Blood transfusion delays cause deaths in Quezon hospital – COA
MANILA, Philippines – State auditors discovered that a number of patients in Quezon's provincial hospital died without receiving the blood transfusions they needed because they failed to immediately pay laboratory fees.
“Confined patients in Quezon Medical Center who need to undergo blood transfusion were required to pay the blood screening fee…before they received the required medical treatment…resulting in delay [and] exposing the patients to unnecessary risks,” the Commission on Audit (COA) said in its 2013 report.
The audit report, released on Monday, February 16, showed that the Quezon Medical Center would not perform blood screening on confined patients unless they first paid anywhere between P1,500 and P4,500. The blood screening is necessary before a transfusion is made.
Documents indicated that a number of patients died before they received blood transfusions.
“Review of several documents pertaining to patient’s claims for refunds for blood screening…disclosed that there were patients who were not able to use the purchased bags of blood due to death of said patients,” the report said.
The hospital's no-fees-no-tests policy violates Republic Act 8344, COA said. The law penalizes hospitals and medical clinics that do not administer appropriate initial medical treatments in emergency or serious cases.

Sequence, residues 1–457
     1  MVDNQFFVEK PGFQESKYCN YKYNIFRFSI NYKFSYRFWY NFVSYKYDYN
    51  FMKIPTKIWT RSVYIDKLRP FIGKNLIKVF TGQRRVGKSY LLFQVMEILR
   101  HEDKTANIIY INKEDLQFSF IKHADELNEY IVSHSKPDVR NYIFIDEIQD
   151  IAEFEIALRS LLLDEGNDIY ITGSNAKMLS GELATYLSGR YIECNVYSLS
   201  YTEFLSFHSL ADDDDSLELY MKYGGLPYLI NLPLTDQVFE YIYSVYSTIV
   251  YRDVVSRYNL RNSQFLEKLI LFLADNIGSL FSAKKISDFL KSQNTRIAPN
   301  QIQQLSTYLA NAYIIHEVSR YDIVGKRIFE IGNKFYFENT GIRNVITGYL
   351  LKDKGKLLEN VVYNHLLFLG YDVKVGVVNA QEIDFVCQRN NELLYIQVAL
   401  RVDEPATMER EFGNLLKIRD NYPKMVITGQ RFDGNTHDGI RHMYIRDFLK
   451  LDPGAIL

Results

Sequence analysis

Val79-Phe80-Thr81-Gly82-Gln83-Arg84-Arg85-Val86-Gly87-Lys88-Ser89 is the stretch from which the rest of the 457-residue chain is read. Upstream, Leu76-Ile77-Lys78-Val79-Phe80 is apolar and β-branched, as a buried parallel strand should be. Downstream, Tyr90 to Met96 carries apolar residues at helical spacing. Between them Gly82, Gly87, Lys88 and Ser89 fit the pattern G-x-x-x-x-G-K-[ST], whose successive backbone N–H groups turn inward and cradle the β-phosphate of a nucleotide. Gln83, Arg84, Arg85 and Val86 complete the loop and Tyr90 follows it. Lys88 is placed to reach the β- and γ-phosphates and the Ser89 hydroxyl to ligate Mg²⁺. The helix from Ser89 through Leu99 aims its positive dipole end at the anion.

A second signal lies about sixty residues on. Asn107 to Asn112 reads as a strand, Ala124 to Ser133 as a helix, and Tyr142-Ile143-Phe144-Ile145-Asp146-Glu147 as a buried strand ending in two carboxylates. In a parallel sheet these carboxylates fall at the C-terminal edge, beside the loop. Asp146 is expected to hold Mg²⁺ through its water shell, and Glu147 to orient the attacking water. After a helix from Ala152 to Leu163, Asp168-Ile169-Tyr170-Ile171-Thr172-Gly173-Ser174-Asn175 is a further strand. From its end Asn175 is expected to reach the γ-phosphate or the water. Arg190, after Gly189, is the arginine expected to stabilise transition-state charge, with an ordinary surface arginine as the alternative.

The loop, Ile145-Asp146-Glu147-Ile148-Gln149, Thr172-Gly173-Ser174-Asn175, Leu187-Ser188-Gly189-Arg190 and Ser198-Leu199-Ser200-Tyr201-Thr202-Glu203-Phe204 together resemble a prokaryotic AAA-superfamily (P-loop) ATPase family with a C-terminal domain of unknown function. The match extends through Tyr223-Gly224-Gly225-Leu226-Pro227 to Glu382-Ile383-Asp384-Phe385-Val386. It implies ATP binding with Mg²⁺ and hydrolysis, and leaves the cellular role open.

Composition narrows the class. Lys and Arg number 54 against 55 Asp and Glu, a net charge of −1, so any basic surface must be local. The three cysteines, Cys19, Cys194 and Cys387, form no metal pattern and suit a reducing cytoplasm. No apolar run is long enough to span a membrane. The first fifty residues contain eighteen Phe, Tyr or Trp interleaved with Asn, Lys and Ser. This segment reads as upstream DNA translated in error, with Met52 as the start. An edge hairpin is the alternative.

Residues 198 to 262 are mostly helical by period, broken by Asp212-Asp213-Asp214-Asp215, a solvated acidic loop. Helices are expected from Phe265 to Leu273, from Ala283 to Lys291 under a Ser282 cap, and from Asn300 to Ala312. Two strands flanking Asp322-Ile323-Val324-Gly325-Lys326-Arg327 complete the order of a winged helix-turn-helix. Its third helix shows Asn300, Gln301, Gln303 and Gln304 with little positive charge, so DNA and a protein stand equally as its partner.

Hospital personnel found guilty under the law may be imprisoned for up to two years and 4 months and fined up to P100,000 or both.
If it's proven that it is the hospital's policy to refuse to provide treatment when a patient cannot pay a deposit upfront, the penalty increases. The officer of the hospital who is responsible for the policy can be jailed for 4 to 6 years or be fined P100,000 to P500,000 or both.
“We recommended that the Provincial Governor require the Chief of (the) Hospital to prohibit the collection of advance payment for blood transfusion of in-house patients who need to undergo such medical treatment,” the audit report said.
State auditors also questioned the Quezon provincial hospital over “drugs and medicines” worth P12.45 million and “medical, dental and laboratory supplies” worth P8.79 million supposedly purchased between June and December 2012 but remain unaccounted for.
COA said the provincial government has taken note of the findings and given assurances that it had instructed the hospital management to stop its no-fees-no-tests policy. – Rappler.com
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